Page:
How to Deal with a Bipolar Spouse…

This article is based on scientific evidence and clinical experience, written by a licensed professional and fact-checked by experts.

Posted: April 24, 2020

Estimated reading time: 3 minutes

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How to Deal with a Bipolar Spouse… by Josh Spurlock

“How does or should you deal with a spouse that has mild bipolar or cyclothymia? One or twice a year there seem to be extreme highs that he can’t even talk his wife about without her thinking he is just against her or doesn’t care. Once it is declining she feels that she just bit off more than she can chew. He is really confused as to what he can do to help even out the highs and lows. He says they aren’t as bad as full blown bipolar but they are lifestyle affecting.”


Hi, welcome to my counselor online. I’m Cassie, and this is asking for a friend that’s where you submit your questions and then I tracked down one of our awesome counselors to answer your questions.

And today I have Josh for live with me to answer questions submitted by Bob from Houston. Josh, thanks for meeting with me today.

So here’s what Bob Asks

How does or should you deal with a spouse that has mild bipolar or cyclothymia.

Once or twice a year, there seemed to be extreme highs that he can’t even talk to his wife about without her thinking he’s against her, or he doesn’t care about her once it’s declining she feels like she’s just a bit.Like she’s been off more than she can chew.

This gentleman’s friend is really confused as to what you shouldn’t do to help even out the highs and the lows. He says they aren’t as bad as full blown bipolar, but they are lifestyle affecting So Josh, take it away.


Yeah, this is one of those situations, like many situations of dynamics, where the family member, the person who’s in a seeking out help is not necessarily the person who, as the struggle.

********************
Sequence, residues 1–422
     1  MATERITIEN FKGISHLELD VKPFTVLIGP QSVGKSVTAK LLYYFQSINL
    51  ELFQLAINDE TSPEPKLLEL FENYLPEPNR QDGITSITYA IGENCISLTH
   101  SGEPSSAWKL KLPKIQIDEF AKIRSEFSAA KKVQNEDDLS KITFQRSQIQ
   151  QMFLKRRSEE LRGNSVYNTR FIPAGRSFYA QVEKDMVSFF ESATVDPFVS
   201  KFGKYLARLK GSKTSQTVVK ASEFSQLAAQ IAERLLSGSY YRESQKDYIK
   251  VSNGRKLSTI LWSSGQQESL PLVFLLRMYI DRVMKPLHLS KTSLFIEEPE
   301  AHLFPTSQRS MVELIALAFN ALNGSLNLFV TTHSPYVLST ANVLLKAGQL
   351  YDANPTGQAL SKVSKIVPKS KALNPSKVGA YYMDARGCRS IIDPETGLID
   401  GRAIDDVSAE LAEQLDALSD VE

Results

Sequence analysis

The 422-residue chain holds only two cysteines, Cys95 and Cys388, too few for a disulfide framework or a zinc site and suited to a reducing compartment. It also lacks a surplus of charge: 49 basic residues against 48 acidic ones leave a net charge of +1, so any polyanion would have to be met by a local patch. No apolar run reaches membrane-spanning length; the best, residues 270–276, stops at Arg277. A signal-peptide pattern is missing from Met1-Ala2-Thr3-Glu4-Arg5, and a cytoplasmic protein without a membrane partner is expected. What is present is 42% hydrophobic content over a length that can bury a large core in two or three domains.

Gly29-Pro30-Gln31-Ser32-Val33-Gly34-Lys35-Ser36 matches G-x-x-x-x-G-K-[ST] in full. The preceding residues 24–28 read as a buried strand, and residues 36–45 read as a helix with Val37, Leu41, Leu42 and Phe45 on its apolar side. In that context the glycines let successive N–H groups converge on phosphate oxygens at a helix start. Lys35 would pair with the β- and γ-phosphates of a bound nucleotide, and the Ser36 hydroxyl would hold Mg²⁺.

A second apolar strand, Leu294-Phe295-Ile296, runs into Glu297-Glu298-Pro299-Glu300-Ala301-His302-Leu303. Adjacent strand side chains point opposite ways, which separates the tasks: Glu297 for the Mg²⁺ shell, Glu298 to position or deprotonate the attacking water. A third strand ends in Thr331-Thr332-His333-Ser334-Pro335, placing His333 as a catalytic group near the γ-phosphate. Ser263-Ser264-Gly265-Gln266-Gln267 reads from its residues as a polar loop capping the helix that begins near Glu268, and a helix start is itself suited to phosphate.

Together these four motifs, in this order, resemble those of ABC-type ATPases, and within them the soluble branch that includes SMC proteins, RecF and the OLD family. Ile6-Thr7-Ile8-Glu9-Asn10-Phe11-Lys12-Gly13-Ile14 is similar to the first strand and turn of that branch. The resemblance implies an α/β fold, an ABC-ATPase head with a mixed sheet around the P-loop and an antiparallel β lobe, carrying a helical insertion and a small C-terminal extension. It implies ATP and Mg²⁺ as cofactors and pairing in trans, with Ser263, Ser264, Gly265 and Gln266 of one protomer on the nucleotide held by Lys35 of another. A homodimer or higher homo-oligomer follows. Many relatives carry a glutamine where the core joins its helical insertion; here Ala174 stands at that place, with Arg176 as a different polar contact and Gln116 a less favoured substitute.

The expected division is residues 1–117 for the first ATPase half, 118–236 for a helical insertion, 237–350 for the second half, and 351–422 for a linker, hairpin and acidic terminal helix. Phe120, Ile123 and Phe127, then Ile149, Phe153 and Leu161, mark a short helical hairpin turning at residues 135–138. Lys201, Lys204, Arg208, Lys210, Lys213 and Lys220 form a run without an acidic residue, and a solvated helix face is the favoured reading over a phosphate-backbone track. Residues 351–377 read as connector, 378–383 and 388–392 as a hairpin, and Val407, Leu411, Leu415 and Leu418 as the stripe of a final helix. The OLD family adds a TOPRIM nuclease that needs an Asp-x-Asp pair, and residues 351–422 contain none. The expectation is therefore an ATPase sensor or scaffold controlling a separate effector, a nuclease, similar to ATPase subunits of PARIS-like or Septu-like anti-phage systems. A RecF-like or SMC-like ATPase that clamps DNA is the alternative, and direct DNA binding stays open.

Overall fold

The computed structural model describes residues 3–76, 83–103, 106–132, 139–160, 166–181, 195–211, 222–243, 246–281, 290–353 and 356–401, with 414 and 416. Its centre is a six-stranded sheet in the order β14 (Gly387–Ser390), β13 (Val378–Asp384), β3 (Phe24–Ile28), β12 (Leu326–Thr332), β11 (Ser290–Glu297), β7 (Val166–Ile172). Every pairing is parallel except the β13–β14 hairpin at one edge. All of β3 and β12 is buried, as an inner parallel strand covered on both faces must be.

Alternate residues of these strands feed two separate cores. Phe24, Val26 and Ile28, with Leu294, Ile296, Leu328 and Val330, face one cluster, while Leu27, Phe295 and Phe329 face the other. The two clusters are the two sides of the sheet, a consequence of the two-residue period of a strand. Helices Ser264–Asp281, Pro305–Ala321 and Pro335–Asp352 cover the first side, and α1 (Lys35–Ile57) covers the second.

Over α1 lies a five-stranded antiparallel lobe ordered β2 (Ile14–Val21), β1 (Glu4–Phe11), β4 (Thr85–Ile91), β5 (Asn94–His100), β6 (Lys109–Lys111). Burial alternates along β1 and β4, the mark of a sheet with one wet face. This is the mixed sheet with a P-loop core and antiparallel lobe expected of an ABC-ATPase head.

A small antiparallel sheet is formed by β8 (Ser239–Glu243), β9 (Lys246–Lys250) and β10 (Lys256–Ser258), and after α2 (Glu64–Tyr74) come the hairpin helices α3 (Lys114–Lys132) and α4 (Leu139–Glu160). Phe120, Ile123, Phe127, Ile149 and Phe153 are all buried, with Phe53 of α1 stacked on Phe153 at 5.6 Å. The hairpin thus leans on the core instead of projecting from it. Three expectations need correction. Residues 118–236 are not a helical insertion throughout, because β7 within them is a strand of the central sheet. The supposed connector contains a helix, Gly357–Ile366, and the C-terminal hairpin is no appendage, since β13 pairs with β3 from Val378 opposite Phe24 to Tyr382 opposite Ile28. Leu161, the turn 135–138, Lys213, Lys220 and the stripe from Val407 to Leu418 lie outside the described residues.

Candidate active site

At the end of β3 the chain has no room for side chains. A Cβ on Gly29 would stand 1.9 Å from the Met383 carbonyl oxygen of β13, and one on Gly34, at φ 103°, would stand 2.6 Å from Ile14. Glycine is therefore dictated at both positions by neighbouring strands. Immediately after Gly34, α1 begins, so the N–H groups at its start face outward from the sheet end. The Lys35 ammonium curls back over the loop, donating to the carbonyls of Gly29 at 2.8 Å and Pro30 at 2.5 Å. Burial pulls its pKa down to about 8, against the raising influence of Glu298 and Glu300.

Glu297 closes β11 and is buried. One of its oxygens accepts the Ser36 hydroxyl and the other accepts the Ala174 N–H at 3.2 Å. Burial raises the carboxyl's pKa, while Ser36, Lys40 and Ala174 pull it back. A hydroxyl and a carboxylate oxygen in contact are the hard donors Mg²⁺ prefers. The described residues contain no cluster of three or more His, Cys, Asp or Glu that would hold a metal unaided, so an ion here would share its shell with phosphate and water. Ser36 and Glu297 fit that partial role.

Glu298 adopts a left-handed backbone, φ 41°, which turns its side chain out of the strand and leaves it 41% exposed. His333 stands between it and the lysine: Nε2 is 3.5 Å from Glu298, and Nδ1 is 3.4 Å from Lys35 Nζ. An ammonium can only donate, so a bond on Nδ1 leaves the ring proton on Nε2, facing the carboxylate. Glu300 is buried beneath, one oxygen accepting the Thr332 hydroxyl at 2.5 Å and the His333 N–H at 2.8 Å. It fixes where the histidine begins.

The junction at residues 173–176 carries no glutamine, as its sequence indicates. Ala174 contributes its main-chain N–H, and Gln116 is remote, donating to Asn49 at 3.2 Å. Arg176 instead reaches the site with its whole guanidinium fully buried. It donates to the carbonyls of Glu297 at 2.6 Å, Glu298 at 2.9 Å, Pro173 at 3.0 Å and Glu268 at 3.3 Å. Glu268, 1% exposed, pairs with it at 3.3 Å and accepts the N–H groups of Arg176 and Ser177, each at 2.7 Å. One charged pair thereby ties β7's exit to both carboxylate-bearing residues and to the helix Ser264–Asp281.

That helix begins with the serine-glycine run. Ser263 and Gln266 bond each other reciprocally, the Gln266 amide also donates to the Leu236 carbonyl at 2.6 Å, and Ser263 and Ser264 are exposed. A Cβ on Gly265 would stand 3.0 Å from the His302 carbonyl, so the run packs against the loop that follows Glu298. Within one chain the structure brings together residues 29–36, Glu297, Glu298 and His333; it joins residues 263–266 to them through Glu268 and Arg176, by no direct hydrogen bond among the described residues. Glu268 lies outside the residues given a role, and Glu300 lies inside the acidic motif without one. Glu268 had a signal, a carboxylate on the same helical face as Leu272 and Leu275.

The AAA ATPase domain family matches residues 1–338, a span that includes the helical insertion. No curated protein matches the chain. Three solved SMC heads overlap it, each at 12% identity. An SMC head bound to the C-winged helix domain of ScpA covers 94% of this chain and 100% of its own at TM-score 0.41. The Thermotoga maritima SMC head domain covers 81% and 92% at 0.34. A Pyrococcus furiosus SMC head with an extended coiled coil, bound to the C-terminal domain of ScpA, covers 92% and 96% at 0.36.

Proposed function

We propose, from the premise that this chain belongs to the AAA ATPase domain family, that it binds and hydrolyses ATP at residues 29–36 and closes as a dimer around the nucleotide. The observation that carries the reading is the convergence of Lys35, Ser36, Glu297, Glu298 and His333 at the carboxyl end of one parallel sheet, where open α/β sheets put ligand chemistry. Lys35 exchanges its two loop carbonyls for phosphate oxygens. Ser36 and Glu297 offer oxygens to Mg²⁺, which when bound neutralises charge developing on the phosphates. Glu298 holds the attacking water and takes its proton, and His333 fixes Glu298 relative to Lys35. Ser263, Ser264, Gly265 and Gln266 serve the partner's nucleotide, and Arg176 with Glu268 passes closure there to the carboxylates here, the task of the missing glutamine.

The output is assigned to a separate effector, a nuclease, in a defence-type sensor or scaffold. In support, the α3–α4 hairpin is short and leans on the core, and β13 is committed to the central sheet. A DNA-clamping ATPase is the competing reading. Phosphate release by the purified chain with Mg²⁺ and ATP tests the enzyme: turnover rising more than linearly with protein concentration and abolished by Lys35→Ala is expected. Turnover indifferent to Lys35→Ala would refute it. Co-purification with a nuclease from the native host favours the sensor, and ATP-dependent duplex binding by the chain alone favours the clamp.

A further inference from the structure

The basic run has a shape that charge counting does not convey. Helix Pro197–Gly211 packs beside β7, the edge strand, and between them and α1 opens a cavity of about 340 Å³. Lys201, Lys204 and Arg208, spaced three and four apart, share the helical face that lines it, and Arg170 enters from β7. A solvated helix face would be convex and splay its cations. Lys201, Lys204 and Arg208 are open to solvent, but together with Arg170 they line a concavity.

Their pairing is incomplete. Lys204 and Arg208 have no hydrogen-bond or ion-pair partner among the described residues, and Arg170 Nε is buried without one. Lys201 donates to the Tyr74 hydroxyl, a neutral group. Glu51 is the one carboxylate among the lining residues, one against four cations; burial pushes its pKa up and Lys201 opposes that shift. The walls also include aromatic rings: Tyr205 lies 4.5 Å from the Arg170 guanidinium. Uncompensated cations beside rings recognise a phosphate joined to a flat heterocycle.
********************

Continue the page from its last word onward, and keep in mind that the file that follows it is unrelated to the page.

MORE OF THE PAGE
And so there’s an element of powerlessness and helplessness and grief that is a part of acknowledging that there’s a limit to how much you’re able to do

That God hasn’t given you the ability or the responsibility to control the other person, even if that is a for their best interests in your mind.

That we’re just not given that by God. And so we have to respect the limited autonomy that God has given to individuals in our life.

Even when they make decisions that we would prefer them not or we don’t think are in their best interests and that’s really difficult because it leaves us with a only the ability to control ourself and decide what decisions. We’re going to make in terms of relationship with the person

The there’s a element of codependence or codependency that we see oftentimes in situations like this where a

Spouse, who is in a relationship with someone with a struggle of some sort. Well over function for or try to get the other spouse to do what it is they feel like they need to do. And it creates

tension and conflict within the relationship and feelings of disrespect within the relationship, while at the same time, the

Other spouse is feeling alone on a roller coaster ride that they didn’t ask to be on And this feeling disrespected not cared about in their spouses unwillingness to address the struggle that they face. And so what I would encourage

Individually, the situation to do is a have your own support network in structure because you’re going to need people who you can bring in the circle with you and process the difficulty of what it is you’re facing.